are agreeing to our
Terms of Use.

iJobs Job Widget
iJobs General

Guru Careers: Software Developer / C# Developer

£40-50K: Guru Careers: We are seeking an experienced Software / C# Developer w...

Guru Careers: Software Developer

£35 - 40k + Benefits: Guru Careers: We are seeking a Software Developer (JavaS...

SThree: Trainee Recruitment Consultant / Resourcer

£18000 - £23000 per annum + Commission: SThree: As a Trainee Recruitment Consu...

Ashdown Group: UI Developer - (UI, HTML, CSS, JavaScript, AngularJS)

£25000 - £40000 per annum: Ashdown Group: UI Developer - (UI, JavaScript, HTML...

Day In a Page

Sun, sex and an anthropological study: One British academic's summer of hell in Magaluf

Sun, sex and an anthropological study

One academic’s summer of hell in Magaluf
From Shakespeare to Rising Damp... to Vicious

Frances de la Tour's 50-year triumph

'Rising Damp' brought De la Tour such recognition that she could be forgiven if she'd never been able to move on. But at 70, she continues to flourish - and to beguile
'That Whitsun, I was late getting away...'

Ian McMillan on the Whitsun Weddings

This weekend is Whitsun, and while the festival may no longer resonate, Larkin's best-loved poem, lives on - along with the train journey at the heart of it
Kathryn Williams explores the works and influences of Sylvia Plath in a new light

Songs from the bell jar

Kathryn Williams explores the works and influences of Sylvia Plath
How one man's day in high heels showed him that Cannes must change its 'no flats' policy

One man's day in high heels

...showed him that Cannes must change its 'flats' policy
Is a quiet crusade to reform executive pay bearing fruit?

Is a quiet crusade to reform executive pay bearing fruit?

Dominic Rossi of Fidelity says his pressure on business to control rewards is working. But why aren’t other fund managers helping?
The King David Hotel gives precious work to Palestinians - unless peace talks are on

King David Hotel: Palestinians not included

The King David is special to Jerusalem. Nick Kochan checked in and discovered it has some special arrangements, too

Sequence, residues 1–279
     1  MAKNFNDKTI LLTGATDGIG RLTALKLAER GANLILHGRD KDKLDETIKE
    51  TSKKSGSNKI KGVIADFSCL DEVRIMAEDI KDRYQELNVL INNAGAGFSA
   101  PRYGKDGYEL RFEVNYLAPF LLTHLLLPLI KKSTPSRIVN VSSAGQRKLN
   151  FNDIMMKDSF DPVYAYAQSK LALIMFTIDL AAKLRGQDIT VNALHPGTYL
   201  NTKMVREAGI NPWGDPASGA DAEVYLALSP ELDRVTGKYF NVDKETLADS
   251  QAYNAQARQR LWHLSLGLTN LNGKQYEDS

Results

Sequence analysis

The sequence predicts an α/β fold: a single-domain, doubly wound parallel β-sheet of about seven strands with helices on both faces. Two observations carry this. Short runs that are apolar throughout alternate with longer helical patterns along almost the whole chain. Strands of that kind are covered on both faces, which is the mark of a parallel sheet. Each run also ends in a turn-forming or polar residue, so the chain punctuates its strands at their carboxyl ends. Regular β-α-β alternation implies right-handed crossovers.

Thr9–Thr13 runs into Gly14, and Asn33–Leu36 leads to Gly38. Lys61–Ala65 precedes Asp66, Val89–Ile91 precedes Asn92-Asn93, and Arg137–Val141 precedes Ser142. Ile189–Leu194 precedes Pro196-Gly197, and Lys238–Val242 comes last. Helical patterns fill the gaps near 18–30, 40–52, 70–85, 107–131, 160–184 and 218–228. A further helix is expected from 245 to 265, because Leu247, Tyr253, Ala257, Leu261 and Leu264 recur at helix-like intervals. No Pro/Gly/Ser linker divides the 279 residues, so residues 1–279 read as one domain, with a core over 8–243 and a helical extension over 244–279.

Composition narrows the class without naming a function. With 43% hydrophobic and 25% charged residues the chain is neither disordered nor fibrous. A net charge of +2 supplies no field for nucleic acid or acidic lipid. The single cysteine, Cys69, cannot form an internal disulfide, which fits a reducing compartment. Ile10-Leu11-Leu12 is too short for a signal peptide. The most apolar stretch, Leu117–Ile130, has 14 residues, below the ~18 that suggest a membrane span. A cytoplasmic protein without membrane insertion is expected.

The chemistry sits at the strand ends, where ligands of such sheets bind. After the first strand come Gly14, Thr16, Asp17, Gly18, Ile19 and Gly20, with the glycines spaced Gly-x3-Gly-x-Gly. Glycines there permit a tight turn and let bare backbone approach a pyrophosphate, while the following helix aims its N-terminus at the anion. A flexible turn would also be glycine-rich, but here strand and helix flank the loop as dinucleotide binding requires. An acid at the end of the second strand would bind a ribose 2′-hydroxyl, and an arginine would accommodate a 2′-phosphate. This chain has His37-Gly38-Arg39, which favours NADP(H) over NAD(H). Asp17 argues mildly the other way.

More people moving from Australia to New Zealand than in the other direction for first time in 24 years

End of the Aussie brain drain

More people moving from Australia to New Zealand than in the other direction for first time in 24 years
Meditation is touted as a cure for mental instability but can it actually be bad for you?

Can meditation be bad for you?

Researching a mass murder, Dr Miguel Farias discovered that, far from bringing inner peace, meditation can leave devotees in pieces
Eurovision 2015: Australians will be cheering on their first-ever entrant this Saturday

Australia's first-ever Eurovision entrant

Australia, a nation of kitsch-worshippers, has always loved the Eurovision Song Contest. Maggie Alderson says it'll fit in fine
Letterman's final Late Show: Laughter, but no tears, as David takes his bow after 33 years

Laughter, but no tears, as Letterman takes his bow after 33 years

Veteran talkshow host steps down to plaudits from four presidents
Ivor Novello Awards 2015: Hozier wins with anti-Catholic song 'Take Me To Church' as John Whittingdale leads praise for Black Sabbath

Hozier's 'blasphemous' song takes Novello award

Singer joins Ed Sheeran and Clean Bandit in celebration of the best in British and Irish music
Tequila gold rush: The spirit has gone from a cheap shot to a multi-billion pound product

Join the tequila gold rush

The spirit has gone from a cheap shot to a multi-billion pound product
12 best statement wallpapers

12 best statement wallpapers

Make an impact and transform a room with a conversation-starting pattern
Paul Scholes column: Does David De Gea really want to leave Manchester United to fight it out for the No 1 spot at Real Madrid?

Paul Scholes column

Does David De Gea really want to leave Manchester United to fight it out for the No 1 spot at Real Madrid?